A blog about writing and self publishing

Writers Talking Writing, Dan Mallory, and Cover Inspiration on Instagram

By Joni Di Placido

What’s new in the literary world this week?

We were out at the Ontario Library Association Super Conference last week, but we’re back and bringing you some of the most interesting industry updates from around the web!

Let’s kick off with some Kobo news from Michelle Kaatz, newly-appointed director of Kobo’s Original Content department. The Originals department has some incredibly exciting new projects coming down the pipeline and Michelle gave us a teaser of what’s coming up: “We’re in Amsterdam now recording the first season of something brand new . . . think Sherlock + CSI + audiobook + podcast. Stay tuned for more details!”

If you’re looking for a great book to snuggle up with this Valentine’s Day, check out the great offers on romance reads on the store this week:

Romantic Reads for Less | Rakuten Kobo

Find an eBook to read. See today’s Daily Deal, read book reviews and get recommendations. Read anytime, anywhere and on any device with Kobo.

An update from Time that will shock nobody reading this blog: books are absolutely, resolutely not going anywhere. Print sales have been increasing steadily since 2013 and the number of indie bookstores is on the rise.

Stop Saying Books Are Dead. They’re More Alive Than Ever

Here’s why the executive director of the National Book Foundation believes we are a country of readers.

Marlon James’ medieval fantasy novel Black Leopard Red Wolf comes out this week (look at that cover!) and has been described as “an African Game of Thrones“. He talks to PW about his writing process and the myriad stories that influenced his writing.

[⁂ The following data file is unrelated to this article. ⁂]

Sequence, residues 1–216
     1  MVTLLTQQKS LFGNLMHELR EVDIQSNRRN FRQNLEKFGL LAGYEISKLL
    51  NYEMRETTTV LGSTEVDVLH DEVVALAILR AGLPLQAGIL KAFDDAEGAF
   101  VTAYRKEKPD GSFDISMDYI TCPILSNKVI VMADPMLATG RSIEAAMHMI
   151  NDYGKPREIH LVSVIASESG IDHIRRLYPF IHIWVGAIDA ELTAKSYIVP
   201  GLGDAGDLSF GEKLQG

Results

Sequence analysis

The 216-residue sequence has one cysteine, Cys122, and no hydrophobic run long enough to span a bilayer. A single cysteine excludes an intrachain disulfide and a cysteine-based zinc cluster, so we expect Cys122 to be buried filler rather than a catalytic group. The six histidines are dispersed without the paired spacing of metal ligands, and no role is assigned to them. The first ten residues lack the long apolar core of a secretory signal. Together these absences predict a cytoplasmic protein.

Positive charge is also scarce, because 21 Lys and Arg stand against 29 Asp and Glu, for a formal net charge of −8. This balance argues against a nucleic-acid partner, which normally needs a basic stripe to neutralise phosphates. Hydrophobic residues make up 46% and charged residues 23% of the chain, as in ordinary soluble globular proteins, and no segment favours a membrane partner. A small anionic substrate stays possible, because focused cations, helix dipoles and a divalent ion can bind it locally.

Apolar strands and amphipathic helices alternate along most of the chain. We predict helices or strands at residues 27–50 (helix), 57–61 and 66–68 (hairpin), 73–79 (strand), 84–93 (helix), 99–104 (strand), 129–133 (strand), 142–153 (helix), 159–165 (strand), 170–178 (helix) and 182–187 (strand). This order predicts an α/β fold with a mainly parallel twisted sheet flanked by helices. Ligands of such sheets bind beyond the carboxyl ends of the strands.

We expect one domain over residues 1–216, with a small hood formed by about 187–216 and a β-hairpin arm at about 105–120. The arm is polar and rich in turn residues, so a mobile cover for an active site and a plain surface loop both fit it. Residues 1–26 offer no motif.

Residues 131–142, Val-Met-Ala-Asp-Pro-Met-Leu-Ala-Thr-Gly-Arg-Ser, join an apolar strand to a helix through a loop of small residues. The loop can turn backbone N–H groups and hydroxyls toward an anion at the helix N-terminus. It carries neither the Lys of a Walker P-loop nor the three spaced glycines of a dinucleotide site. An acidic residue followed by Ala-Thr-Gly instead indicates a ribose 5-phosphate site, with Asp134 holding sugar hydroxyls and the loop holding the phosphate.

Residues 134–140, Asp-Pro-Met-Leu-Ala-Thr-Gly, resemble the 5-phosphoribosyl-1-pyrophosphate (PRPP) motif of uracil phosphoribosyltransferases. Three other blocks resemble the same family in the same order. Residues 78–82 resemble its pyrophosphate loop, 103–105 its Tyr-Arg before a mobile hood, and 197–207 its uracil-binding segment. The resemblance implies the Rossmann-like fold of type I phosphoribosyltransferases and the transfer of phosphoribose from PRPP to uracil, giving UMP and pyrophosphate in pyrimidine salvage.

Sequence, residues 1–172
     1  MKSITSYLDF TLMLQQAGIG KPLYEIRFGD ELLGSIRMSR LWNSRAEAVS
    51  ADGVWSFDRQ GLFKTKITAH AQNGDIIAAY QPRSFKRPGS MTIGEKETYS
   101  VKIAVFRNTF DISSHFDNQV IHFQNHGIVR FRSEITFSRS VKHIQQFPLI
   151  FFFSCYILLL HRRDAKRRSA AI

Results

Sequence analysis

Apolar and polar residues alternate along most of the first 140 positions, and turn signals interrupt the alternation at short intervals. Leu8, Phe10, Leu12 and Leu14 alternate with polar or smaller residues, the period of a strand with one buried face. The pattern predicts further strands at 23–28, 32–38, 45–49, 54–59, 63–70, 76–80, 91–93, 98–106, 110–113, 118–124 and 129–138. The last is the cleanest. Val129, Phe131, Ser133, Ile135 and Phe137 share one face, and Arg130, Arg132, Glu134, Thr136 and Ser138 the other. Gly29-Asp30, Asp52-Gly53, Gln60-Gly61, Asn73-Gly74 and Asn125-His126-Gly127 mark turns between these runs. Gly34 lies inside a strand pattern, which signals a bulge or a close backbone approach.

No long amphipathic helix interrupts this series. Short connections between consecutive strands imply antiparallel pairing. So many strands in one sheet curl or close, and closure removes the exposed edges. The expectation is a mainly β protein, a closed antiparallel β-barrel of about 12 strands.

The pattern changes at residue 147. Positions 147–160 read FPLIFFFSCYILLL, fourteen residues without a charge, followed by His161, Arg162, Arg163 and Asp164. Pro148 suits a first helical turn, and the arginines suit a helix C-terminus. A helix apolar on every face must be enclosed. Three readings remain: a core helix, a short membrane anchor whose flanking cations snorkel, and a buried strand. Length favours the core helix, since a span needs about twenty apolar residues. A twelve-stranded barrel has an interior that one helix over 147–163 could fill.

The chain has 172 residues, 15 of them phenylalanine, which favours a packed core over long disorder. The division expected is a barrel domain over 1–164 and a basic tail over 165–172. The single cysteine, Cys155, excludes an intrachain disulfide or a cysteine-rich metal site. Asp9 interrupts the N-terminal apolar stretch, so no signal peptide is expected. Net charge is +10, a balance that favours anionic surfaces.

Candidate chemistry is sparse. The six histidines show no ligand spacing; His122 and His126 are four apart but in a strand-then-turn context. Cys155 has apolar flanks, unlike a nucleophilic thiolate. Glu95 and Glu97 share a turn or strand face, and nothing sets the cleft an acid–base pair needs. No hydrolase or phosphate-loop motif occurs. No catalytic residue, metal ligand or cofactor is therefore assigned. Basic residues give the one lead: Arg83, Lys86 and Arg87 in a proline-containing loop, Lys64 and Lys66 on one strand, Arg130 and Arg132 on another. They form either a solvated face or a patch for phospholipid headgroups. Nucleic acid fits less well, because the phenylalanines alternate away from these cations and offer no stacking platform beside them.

Marlon James Spins a Tale of Tales

When asked, Marlon James is hard-pressed to name his favorite story. It’s admittedly a nearly impossible request to make of anyone, and surely more so of a novelist, whose trade relies so deeply on both intake and telling, however tangled, of tales. Unable to name just one, James improvised.

Author Jane Harper discusses her incredible journey to becoming Australia’s most widely read crime writer. She explains why she thinks planning is an essential part of her writing process and why character development is so important to her.

Jane Harper Started as a Business Reporter. Now She Writes Novels About Murder.

Profile Her mysteries set in Australia have international appeal. Her latest, “The Lost Man,” hits American bookstores in February. Jane Harper leans on the Australian environment in all her novels. “The Lost Man,” like “The Dry,” is a study in isolation, she says (seen here riding a ferry in Sydney Harbor).

If you’ve successfully written a thesis, you can turn that thesis into a book! Tracy Stanley explains how over on The Creative Penn blog.

The Creative Penn Blog: Helping you write, publish and market your book | The Creative Penn

Editing a novel can be a daunting task, but there are some tips that will help you, as Sofia Ashdown shares with us today. Other than correcting spelling and grammar mistakes, it can be difficult to decide how to focus your energy in the right places to improve your manuscript.

Not news, but new to me: this instagram account features gorgeous covers designed by women. Worth checking out if you’re seeking cover inspiration!

She Designs Books (@shedesignsbooks) * Instagram photos and videos

4,933 Followers, 599 Following, 715 Posts – See Instagram photos and videos from She Designs Books (@shedesignsbooks)

If you missed the biggest publishing scandal this week, settle in for a LONG read! Proof that life really can be stranger than fiction.

A Suspense Novelist’s Trail of Deceptions

Dan Mallory, a book editor turned novelist, is tall, good-looking, and clever. His novel, ” The Woman in the Window,” which was published under a lightly worn pseudonym, A. J. Finn, was the hit psychological thriller of the past year.

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